On our road trip to Tokyo the other week, we made sure our route meandered north a bit from the highway we normally would have taken to include a drive through Shimane Prefecture. I’ve already posted about seeing the garden that has been #! on my to-do list for quite some time, but the day before we reached Matsue, we stopped off at the Iwami Ginzan or Iwami Silver Mine in the southwest corner of the prefecture.
The Iwami Silver Mine was designated a World Heritage Sight in 2007. In its heyday, the mine was one of the top-producing silver mines not just in Japan, but in the world, producing a third of the global output of silver. The mine was in business for nearly 400 years before it ran dry, and for most of those centuries was strictly controlled by the Tokugawa shoguns. Today, much of the area is in ruins, but the infrastructure of the old mining operation remains – the entire area includes mine shafts, the nearby administrative town of Omori and the port towns of Yunotsu, Okidomari and Tomogaura.
Now, I’m going to blame this next part on the stress of the move and the surprising lack of pre-trip research I did for this section of our adventure (Matsue was pretty well planned but not here) but our visit to the Iwami Silver Mine did not start off very promisingly. What we learned when we arrived at the UNESCO World Heritage Museum at the edge of town is that you can’t exactly drive up to the old mine shafts. Or take a bus. You walk. About 2-3 kilometers. All slightly uphill. And did I mention it was 90 degrees Fahrenheit that day?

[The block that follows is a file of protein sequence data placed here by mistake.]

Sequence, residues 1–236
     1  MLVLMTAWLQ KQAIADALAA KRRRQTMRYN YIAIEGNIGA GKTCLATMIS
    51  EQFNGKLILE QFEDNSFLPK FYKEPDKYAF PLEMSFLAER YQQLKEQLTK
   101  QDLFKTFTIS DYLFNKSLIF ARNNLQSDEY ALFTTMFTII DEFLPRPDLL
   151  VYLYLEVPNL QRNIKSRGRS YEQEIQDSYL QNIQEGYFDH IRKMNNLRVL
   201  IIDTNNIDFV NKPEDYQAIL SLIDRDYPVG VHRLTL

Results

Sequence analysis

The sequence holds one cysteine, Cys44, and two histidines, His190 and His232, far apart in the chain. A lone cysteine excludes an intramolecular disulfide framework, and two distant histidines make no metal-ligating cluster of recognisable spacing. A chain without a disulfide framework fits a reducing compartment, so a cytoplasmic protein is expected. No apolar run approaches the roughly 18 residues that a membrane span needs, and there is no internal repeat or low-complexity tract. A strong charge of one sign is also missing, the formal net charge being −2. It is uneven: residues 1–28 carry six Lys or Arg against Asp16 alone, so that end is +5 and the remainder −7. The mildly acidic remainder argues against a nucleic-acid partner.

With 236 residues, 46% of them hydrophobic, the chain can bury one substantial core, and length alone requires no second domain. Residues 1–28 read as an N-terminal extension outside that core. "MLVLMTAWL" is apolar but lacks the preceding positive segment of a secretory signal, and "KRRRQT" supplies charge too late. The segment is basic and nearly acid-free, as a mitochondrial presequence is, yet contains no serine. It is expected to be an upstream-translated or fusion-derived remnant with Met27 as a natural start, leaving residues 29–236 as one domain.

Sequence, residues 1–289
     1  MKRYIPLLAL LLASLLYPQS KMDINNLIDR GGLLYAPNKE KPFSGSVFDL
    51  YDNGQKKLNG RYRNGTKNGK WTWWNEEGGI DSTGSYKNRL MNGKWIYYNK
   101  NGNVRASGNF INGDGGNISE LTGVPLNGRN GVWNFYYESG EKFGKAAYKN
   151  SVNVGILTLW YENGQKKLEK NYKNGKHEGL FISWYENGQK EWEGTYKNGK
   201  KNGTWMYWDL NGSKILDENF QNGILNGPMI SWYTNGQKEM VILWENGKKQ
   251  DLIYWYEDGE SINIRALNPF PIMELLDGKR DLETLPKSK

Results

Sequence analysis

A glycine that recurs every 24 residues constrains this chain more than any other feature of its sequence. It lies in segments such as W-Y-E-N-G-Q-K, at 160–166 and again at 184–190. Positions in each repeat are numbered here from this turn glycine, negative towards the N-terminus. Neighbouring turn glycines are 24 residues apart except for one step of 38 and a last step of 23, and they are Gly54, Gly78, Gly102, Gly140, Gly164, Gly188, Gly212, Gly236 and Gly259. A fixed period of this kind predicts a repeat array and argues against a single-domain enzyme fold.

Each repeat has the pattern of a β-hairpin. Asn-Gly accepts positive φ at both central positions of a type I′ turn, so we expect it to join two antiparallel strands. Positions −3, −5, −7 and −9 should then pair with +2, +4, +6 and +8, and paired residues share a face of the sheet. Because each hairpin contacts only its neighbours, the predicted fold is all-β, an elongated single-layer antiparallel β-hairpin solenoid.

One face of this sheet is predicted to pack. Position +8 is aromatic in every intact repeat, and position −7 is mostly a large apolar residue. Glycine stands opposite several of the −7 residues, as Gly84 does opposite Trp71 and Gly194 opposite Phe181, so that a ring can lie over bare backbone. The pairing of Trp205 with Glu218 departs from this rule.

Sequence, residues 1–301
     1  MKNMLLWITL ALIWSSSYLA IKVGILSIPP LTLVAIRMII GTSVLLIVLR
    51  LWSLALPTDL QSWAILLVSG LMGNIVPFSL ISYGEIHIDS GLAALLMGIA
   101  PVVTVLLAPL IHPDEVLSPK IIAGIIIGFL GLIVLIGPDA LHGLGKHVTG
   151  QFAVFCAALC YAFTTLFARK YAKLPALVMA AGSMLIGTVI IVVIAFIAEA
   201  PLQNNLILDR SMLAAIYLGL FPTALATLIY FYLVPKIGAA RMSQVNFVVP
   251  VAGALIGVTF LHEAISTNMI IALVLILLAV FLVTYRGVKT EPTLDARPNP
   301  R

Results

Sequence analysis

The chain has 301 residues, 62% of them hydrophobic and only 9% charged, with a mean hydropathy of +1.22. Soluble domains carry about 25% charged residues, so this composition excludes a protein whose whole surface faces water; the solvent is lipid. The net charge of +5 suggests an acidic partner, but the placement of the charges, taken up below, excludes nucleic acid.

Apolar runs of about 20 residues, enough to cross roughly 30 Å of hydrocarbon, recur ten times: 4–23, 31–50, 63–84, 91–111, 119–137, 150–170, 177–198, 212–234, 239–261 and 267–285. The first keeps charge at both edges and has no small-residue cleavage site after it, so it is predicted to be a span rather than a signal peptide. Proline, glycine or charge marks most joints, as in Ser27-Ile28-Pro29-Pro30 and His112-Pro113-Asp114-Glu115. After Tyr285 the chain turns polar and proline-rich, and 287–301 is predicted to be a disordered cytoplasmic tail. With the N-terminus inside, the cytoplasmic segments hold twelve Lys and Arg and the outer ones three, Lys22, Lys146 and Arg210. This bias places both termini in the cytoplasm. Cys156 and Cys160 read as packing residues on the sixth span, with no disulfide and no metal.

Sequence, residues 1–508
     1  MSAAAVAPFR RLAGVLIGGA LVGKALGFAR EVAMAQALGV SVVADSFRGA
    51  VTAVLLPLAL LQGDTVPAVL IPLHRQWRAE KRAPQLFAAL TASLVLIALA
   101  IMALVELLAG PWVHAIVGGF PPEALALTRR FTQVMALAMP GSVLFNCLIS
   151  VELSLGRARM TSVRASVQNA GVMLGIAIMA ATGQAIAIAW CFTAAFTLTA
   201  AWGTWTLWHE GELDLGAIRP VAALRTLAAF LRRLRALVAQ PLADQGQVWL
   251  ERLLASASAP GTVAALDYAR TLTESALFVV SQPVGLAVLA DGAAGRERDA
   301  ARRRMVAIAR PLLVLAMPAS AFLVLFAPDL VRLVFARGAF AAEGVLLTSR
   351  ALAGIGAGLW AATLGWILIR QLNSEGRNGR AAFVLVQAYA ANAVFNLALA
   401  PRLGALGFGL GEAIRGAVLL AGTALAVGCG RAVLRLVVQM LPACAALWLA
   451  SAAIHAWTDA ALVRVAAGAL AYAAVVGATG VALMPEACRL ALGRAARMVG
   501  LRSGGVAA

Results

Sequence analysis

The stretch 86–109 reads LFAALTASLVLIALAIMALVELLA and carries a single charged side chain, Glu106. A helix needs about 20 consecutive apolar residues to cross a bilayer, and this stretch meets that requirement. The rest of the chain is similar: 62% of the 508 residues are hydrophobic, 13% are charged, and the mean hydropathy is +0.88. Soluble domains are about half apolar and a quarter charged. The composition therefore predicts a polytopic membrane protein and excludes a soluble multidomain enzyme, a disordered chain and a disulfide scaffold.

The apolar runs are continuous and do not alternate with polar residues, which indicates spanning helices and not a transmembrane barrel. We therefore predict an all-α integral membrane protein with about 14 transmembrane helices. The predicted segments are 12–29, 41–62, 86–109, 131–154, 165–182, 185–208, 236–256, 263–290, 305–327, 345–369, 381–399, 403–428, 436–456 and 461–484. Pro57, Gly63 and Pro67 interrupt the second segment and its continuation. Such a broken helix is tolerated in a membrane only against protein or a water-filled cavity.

Not about to make THAT trek with our four-year-old, we soon discovered a bike rental shop just at the edge of Omori town (the village closest to the mine) and I personally discovered the wonders of an electric bike. The ride to the mine passes through the edge of the village – with a few picturesque cafes and hillside temples – before looping through the woods and along a small stream. It’s an incredibly peaceful excursion, made that much more enjoyable by the fact that we didn’t have to actually exert ourselves too much to get there.
The main mine shaft open to the public is the Ryugenji shaft. It can be found a short walk from the end of the cycling road. The rather unassuming entrance into the ground leads to a 273 meter long tunnel (though the shaft continues on, just not accessible to the public). It’s a well-lit and rather large tunnel, though information is scant inside so do be sure to pick up the English brochure with your tickets.
Truthfully, the mine shaft is not terribly exciting on its own. But coupled with the forest setting and the nearby attractive village of Omori, I’d consider it worth attempting to get here, despite its out of the way location. Iwami Ginzan is most easily accessed by train from Matsue to Oda-shi, after which you need to board a local bus for the final 30 minutes to Omori Town.